Over the past year countless harrowing stories of how people escaped the Fort McMurray wildfire have been told.
The anniversary of the evacuation, May 3, is right around the corner.
Lifelong resident, Lyle Daleug and his family and friends escaped the city in unconventional fashion.
They had been preparing to leave to city via Highway 63 when it became clear that wasn’t going to happen. Luckily their neighbours came by and offered to take them via the Clearwater River on their jet boat.
IN PICTURES: 2016 Fort McMurray wildfire
They made it to the Clearwater River Lodge and met up with the owner and his wife. After a night’s sleep the smoke started getting heavy and they decided to head further away from the city to a friend’s cabin.
Once everyone was safe at the new site, Daleug and one of his friends set out to go back to the lodge to gather some supplies.
That’s when they spotted a fire on the east bank of the river.
“We were watching the smoke and just keeping an eye on it, and next thing you know the wind picked up and the smoke turned black, black, black. The helicopter buzzed over top of us and he couldn’t land because it was so windy, so he buzzed around a few times and he threw a water bottle down with a note taped to it,” said Daleug.
What was on that note?
“Guys the fire is about five miles away and it’s coming fast… you gotta go.”
WATCH: Lyle Daleug tells 630 CHED his family’s story as they ran from ‘The Beast’
They packed up everything they could, loaded it back into three jet boats, and took off down the Clearwater River until they got to where the fire originally started.
“By this time it was so out of control it (the fire) was on both sides of the river and before we got to it we told the kids it was going to get smoky, so we covered them all up in blankets so they couldn’t see nothing and then we opened up the boats wide open (sic) and went through the fire. It was about a mile of fire on both sides of the river,” said Daleug.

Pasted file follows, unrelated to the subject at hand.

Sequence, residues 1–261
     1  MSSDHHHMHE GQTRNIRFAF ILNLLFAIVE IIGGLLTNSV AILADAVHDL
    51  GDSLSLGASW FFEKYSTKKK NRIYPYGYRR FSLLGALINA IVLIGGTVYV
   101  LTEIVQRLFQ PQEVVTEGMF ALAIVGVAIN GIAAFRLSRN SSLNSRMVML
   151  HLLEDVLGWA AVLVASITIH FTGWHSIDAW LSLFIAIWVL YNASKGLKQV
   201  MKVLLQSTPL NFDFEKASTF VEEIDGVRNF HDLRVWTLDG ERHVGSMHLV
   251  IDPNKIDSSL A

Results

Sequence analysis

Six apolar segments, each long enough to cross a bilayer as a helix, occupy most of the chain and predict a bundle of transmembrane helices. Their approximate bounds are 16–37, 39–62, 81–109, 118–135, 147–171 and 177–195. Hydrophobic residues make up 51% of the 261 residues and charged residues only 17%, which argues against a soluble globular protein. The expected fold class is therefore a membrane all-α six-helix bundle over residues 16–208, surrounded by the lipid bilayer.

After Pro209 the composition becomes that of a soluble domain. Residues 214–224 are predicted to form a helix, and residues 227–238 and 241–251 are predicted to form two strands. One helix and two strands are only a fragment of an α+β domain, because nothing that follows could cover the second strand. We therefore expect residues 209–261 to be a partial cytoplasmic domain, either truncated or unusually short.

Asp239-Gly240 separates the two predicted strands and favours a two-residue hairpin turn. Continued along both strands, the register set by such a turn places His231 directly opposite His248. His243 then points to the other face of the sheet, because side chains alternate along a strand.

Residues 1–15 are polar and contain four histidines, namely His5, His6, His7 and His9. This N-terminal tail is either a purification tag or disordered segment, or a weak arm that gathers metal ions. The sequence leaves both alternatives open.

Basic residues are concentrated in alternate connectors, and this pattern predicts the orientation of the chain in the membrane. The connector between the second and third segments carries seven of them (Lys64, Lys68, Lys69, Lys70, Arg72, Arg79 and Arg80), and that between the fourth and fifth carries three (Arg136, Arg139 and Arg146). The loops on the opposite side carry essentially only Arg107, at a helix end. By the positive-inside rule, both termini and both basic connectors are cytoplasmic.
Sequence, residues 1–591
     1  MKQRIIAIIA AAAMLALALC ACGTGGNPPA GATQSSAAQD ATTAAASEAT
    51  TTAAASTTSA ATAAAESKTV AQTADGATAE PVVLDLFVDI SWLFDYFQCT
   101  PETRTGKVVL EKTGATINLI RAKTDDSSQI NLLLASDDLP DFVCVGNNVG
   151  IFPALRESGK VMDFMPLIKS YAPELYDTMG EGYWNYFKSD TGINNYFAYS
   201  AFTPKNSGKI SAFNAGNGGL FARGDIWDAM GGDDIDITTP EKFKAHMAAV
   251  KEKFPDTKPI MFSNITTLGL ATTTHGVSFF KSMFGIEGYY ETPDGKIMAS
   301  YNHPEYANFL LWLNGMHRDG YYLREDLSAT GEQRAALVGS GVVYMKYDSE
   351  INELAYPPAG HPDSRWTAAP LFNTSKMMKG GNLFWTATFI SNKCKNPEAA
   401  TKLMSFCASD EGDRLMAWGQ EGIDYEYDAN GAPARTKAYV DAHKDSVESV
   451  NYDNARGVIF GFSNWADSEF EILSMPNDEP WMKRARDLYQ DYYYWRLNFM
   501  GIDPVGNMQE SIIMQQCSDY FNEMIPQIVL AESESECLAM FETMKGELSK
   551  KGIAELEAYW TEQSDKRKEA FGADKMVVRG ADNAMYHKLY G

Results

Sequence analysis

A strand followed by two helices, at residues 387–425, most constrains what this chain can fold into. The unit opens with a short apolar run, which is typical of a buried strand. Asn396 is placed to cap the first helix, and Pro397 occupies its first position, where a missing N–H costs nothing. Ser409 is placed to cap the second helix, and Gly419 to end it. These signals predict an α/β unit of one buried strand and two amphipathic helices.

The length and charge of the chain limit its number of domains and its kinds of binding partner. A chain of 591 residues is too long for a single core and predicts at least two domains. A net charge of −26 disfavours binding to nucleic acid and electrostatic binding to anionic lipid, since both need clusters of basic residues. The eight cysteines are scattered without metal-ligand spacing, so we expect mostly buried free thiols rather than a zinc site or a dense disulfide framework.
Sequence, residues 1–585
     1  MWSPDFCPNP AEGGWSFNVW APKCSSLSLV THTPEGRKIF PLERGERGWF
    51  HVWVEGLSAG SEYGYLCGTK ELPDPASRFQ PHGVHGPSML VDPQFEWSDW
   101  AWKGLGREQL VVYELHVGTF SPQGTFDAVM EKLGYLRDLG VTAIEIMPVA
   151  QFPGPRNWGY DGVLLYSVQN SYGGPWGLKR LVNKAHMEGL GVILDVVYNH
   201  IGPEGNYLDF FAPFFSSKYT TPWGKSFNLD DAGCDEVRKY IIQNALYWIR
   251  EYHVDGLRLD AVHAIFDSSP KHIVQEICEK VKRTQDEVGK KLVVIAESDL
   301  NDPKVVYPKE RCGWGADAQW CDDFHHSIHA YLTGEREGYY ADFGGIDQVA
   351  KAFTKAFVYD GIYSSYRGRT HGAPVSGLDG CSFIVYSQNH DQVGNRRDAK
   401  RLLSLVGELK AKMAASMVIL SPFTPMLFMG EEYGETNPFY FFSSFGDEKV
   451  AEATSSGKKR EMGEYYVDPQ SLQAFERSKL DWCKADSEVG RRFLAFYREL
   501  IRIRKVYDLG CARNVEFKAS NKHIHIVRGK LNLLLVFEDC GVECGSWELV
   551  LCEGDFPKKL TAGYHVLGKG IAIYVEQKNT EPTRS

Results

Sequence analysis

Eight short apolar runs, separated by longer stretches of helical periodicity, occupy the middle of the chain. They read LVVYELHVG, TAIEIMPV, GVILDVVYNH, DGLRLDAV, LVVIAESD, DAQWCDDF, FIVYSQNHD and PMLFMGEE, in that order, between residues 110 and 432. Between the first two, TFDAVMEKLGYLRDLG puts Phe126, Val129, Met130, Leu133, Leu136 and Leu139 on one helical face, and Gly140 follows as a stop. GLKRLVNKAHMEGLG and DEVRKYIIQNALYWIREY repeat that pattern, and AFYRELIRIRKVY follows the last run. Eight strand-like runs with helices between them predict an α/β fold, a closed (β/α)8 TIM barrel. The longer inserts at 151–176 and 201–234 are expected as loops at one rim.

They eventually found a clearing along the river and the helicopter dropped down to tell them to get out of the city because the pilot could barely see the river from the air, all the way to Fort McMurray.
“We all jumped in the helicopter; they had to do two trips. They flew us to Gordon Lake fire tower and there’s a little airstrip there. We staged there and then they brought in a Huey helicopter, picked us all up and took us to Conklin,” said Daleug.
Daleug, his wife, two children and a relative are all living in a two bedroom apartment in Fort McMurray.
Their home in Waterways was one of the few in that neighbourhood that wasn’t burned, but was badly damaged by smoke.
IN PICTURES: Return to Fort McMurray
Daleug and his wife just recently settled with the insurance company and he thinks it’ll be another three months at least before they can get a new trailer.
Despite all that, Daleug said Fort McMurray is home and he and his family have no intention of ever leaving the city.